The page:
sin-titulo

Approximately one month into my three month stay in Costa Rica and I am starting to miss home. Oddly enough it took about one week and a terrible sunburn to miss the cold snowy tundra I call home, but until recently the inability to get a sunburn was all I really missed. Today was the first day my friends started classes at my home university, meaning the first day everyone was back on campus from winter break, clubs were meeting again, and the dorm buildings were buzzing with people dying to hear about their friends adventures. Being in Costa Rica means that I am having so many wonderful adventures, I went whitewater rafting, slept in a tent, hiked, and stayed up all night playing cards in Spanish with my roommate all in the course of a weekend, but it doesn’t mean I am not missing things at home.

Culture shock is different for everyone. My roommate experienced culture shock on the first night we landed in San Jose. I am missing home now, and my other roommate, as of right now she might never leave Costa Rica; it’s almost as if she was meant to be here all along. The terrible part about my culture shock is that I almost feel guilty about it, like I shouldn’t admit it because if I did it would mean I wasn’t independent enough to be away from my parents for three months, or that I wasn’t grateful enough for my adventures here. I know I am having so much fun here, but it doesn’t mean I don’t miss what I am missing at home.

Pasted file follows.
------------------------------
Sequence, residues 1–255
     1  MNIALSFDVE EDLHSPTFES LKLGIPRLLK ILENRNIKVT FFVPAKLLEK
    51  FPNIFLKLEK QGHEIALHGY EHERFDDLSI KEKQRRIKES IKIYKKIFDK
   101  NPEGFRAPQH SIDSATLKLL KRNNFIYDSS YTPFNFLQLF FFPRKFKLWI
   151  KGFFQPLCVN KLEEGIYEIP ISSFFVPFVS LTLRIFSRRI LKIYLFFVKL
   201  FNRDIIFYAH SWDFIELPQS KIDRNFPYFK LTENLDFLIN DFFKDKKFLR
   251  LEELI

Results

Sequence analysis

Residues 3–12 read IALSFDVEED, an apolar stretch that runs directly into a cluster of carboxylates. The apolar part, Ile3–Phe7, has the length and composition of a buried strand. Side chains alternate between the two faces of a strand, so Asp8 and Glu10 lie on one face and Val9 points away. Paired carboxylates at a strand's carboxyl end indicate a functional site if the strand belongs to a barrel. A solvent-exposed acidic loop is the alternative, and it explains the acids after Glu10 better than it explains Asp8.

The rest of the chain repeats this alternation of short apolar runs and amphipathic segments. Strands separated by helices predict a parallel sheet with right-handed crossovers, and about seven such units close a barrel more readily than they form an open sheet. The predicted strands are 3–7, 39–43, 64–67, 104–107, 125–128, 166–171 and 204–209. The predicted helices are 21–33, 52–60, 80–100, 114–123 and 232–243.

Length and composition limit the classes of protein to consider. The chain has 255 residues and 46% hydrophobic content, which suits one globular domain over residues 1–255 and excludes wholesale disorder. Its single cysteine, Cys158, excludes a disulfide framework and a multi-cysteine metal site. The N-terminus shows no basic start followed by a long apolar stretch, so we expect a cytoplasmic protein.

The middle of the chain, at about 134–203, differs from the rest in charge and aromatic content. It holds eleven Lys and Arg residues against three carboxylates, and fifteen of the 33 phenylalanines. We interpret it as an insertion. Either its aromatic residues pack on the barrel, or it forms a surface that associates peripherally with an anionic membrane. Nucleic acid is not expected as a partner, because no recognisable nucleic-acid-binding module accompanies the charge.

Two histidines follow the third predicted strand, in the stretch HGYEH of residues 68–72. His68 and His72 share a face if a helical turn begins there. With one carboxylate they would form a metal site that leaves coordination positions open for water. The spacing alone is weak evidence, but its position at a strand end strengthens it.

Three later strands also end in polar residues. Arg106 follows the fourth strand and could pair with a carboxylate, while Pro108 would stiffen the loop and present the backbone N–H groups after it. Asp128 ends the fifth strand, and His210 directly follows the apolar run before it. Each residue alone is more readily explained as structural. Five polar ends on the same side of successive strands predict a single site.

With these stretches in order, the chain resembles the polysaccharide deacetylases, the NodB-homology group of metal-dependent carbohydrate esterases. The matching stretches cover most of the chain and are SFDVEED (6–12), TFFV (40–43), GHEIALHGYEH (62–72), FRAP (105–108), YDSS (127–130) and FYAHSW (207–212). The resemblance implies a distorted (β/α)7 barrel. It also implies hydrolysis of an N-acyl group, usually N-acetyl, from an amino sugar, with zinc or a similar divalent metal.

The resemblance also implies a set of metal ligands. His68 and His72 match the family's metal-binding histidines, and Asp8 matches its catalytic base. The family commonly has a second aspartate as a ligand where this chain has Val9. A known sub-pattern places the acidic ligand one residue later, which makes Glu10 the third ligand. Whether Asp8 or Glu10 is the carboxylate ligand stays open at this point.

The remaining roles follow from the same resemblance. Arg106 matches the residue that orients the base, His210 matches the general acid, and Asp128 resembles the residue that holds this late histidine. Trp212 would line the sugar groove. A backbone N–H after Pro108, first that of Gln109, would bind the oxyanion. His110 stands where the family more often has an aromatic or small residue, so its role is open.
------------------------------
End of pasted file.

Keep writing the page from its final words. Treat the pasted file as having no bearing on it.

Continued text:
It didn’t help that my dog hurt his back this week and needed to go to the vet, or a few weeks ago when my sister got a concussion playing a soccer game, or that I missed my sister buying her Sandie Hawkins dress, or that my mock trial team is preparing for regionals. I am missing events in my friends and family’s lives. I am missing my dorm room. I am missing a lot. However, that is part of the culture shock I am working to avoid. I don’t want to let myself be mentally isolated, so I am not focusing on what I am missing.

I am focusing on the cooking class I am taking, the Spanish play I am going to see, the wonderful food I am excited to eat every day, and the fieldtrip I have tomorrow. Although, when I do miss home I call my parents or my best friend, maybe even just send her a snap, and message my mock team family. Just because I miss home doesn’t mean I am not independent or that I am ungrateful, it just means I am courageous enough to try something new and grow as an individual, so I can be even more independent and truly understand what it means to be grateful.

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